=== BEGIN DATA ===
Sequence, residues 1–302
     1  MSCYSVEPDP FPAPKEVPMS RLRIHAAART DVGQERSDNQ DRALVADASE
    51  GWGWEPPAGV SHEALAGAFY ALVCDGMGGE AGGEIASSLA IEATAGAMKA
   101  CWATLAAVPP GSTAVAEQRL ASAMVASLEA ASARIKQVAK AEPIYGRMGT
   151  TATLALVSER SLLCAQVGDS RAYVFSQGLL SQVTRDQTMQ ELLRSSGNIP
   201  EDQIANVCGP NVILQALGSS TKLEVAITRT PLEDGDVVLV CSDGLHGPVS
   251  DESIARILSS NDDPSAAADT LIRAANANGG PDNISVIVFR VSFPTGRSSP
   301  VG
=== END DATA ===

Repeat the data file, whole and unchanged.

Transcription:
Sequence, residues 1–302
     1  MSCYSVEPDP FPAPKEVPMS RLRIHAAART DVGQERSDNQ DRALVADASE
    51  GWGWEPPAGV SHEALAGAFY ALVCDGMGGE AGGEIASSLA IEATAGAMKA
   101  CWATLAAVPP GSTAVAEQRL ASAMVASLEA ASARIKQVAK AEPIYGRMGT
   151  TATLALVSER SLLCAQVGDS RAYVFSQGLL SQVTRDQTMQ ELLRSSGNIP
   201  EDQIANVCGP NVILQALGSS TKLEVAITRT PLEDGDVVLV CSDGLHGPVS
   251  DESIARILSS NDDPSAAADT LIRAANANGG PDNISVIVFR VSFPTGRSSP
   301  VG